Maybe there’s a premium and then eventually paid services, but it’s tough for developers to monetize as well. They end up having to maybe collect some data and maybe sell that to ad networks or data brokers, which again is not always great from a security or privacy perspective.
Those were the market movers where we felt this was a great space to focus on.
Ledge: Yeah. That makes a lot of sense. It makes me wonder. The first thing that popped into my head was, you have security from the standpoint of eliminating bad actors. Then you have security from the standpoint of non-malicious app developer but just simply doesn’t have the wherewithal or the skills to use the best practices, or access the types of things that you’re talking about.
Those two different cohorts would be two different vectors for you to think about in security. I’m curious what the balance is, and how you address them. Is it literally shut it down? How do you keep the ecosystem alive in a secure way and benefit the whole community?
Domingo: That’s a great question, and it’s something where a lot of the CISOs, the Chief Information Security Officers, they struggle with the balance of how tough to be on certain aspects.
Obviously, if something’s malicious, by a malicious author, an attack… It used to be single person hackers, and then increasingly in our research we start seeing now nation type sponsored attacks, or coordinated attacks against certain companies or individuals. Obviously, for anything malicious you want to stop it. You want to eliminate the threat. Automatically remove the threat and address it.
The difficulty is that most of the threats, maybe in severity it’s malicious, but in terms of number or how likely they are to occur they’re non-malicious. So they’re good people, they’re good developers that either use the vulnerable third-party library or third-party software developer kit. Or, they’re just using a model of collecting additional data and they don’t realize that they’re also collecting enterprise data. There’s data leakage occurring, but it’s not malicious.
As a security professional, it’s hard to say let’s block every app that’s doing this because that’s most of the apps, unfortunately, sometimes on user devices. It turns out that we need to implement additional technology where, if an app is not properly encrypting traffic or sending passwords in clear text, maybe we don’t want to block the app but maybe we want to turn on a VPN to protect that traffic.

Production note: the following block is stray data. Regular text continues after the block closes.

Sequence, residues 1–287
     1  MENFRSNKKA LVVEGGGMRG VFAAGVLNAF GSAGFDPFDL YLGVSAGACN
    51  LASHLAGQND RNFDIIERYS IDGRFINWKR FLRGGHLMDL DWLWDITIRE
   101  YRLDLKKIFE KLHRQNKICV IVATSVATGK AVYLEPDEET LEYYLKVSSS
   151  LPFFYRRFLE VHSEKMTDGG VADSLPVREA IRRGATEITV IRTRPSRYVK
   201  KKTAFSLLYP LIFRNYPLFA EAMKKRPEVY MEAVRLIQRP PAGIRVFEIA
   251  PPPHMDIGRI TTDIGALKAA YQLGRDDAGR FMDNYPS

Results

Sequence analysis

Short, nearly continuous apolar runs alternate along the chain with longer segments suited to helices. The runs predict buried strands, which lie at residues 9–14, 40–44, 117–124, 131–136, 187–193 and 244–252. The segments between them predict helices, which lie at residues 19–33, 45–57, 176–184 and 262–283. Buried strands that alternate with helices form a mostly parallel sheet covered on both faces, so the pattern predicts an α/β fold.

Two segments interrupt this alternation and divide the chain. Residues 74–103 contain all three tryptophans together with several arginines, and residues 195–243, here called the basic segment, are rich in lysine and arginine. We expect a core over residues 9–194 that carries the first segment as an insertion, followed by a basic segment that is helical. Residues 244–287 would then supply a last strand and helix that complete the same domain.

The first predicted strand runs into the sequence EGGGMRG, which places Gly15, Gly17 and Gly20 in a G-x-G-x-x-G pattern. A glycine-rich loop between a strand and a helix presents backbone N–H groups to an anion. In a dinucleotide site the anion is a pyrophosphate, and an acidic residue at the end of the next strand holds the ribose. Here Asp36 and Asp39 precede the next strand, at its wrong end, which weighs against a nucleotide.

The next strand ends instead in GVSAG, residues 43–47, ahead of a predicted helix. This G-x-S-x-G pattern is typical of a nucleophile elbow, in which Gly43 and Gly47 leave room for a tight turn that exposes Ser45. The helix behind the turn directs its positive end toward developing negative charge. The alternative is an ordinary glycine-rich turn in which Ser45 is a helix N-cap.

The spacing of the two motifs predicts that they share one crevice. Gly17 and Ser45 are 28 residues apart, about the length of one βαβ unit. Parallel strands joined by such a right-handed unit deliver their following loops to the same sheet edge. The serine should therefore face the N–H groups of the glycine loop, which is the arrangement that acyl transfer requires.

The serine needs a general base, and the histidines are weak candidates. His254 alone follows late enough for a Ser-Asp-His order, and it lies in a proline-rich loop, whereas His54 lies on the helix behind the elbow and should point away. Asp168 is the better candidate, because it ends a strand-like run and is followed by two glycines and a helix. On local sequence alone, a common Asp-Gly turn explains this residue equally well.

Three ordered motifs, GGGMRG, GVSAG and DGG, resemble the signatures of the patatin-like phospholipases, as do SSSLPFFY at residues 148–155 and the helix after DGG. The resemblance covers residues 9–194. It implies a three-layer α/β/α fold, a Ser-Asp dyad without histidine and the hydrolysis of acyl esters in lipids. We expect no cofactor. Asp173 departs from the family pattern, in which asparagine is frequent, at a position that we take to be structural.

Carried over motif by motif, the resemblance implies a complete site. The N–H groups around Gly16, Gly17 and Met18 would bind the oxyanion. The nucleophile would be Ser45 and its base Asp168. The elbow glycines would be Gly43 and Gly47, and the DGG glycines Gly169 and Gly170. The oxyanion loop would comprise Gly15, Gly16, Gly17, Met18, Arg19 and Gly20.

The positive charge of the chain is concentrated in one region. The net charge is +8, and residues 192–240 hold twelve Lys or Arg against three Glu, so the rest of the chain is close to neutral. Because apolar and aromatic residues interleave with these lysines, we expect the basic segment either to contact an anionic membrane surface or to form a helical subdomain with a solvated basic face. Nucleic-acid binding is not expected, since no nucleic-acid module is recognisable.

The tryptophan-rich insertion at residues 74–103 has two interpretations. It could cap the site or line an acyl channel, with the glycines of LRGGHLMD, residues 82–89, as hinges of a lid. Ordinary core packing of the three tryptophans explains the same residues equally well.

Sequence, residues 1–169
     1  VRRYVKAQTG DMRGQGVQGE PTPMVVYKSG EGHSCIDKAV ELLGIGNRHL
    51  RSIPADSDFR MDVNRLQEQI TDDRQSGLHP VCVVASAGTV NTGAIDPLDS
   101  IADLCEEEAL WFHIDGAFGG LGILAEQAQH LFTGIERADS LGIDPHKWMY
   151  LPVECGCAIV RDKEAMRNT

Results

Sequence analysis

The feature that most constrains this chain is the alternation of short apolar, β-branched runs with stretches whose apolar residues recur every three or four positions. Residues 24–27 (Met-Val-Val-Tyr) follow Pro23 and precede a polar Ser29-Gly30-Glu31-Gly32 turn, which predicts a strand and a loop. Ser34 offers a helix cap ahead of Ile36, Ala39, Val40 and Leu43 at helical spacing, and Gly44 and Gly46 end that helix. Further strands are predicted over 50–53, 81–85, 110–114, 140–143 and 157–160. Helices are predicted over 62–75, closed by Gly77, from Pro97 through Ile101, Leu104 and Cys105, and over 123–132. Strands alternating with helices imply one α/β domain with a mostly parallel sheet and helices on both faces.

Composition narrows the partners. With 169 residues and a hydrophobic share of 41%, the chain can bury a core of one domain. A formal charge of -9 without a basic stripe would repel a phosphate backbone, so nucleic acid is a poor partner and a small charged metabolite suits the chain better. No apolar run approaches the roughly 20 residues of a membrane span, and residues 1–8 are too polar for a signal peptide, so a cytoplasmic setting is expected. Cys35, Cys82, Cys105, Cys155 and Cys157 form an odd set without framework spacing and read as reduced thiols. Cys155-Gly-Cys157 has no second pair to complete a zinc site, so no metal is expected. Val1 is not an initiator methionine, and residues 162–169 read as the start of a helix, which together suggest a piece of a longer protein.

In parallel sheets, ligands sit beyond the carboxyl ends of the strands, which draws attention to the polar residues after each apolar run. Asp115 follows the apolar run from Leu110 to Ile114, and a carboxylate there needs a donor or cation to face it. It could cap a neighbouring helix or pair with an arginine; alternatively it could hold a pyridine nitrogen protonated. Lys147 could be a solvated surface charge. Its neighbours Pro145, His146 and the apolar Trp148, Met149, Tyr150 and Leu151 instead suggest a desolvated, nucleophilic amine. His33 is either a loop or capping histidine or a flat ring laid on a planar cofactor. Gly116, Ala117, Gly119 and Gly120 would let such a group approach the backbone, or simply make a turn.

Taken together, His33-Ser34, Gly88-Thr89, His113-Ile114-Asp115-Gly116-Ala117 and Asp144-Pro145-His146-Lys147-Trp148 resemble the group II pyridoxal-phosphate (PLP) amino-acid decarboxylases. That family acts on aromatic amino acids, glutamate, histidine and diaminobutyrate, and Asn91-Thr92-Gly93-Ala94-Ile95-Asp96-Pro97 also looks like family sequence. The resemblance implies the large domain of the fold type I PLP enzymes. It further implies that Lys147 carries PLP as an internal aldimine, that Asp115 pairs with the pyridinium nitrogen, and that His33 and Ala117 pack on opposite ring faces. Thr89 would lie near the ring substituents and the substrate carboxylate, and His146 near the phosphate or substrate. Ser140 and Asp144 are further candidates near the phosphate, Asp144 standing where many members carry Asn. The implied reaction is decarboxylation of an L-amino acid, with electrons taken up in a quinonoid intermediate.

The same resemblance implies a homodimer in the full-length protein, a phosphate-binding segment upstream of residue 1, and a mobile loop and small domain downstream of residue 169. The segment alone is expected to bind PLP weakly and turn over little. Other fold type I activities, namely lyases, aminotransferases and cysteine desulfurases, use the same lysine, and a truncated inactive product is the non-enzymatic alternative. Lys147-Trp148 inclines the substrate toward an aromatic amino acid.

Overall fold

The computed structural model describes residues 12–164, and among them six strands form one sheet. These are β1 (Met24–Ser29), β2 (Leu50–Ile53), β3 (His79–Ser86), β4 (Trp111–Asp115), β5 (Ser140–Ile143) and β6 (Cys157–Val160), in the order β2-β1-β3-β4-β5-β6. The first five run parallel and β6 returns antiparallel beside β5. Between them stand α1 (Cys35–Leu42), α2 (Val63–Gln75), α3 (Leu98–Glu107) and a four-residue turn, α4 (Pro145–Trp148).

If we can work with a developer to fix it, that’s great, but sometimes we don’t know who the developer is or they’re not going to implement a change just because a certain user asked them to. It really needs to be driven by either market saying, hey, you either fix this or we’re not going to use your app or your software, or by policy – App Store or Google Play saying, hey, you need to fix this or else your app’s not going to be able to be distributed.
Ledge: How do you even figure out… You’ve got thousands of devices entering the corporate footprint, and all of them have different stuff on. I imagine you have to deal with device level and then network level and firewall. You have to touch each area then, so the type of solution you guys have to develop is not resident necessarily in any one place. Is that right?
Domingo: Yeah, that’s correct. That’s one of the interesting things with mobile, is it really came into the workplace really in the last eight to ten years that it became predominantly everywhere, but now it touches every component. It’s connecting to your corporate network. It needs to have access through firewall. It needs to have access to email. It’s now part of identity. That’s where you get your two-factor authentication codes.
Really, the whole enterprise stack goes through mobile, yet the technologies are not always there in terms of how to even monitor what’s going on. In some places, by jurisdiction, you might not be allowed to monitor a personal device so you see certain companies issuing people phones so that they can monitor and secure them.
It’s definitely a challenge, but that’s part of the opportunity, the exciting part, is that we have to rewrite the security stack with mobile in mind. A mobile-first or a mobile-only world requires that.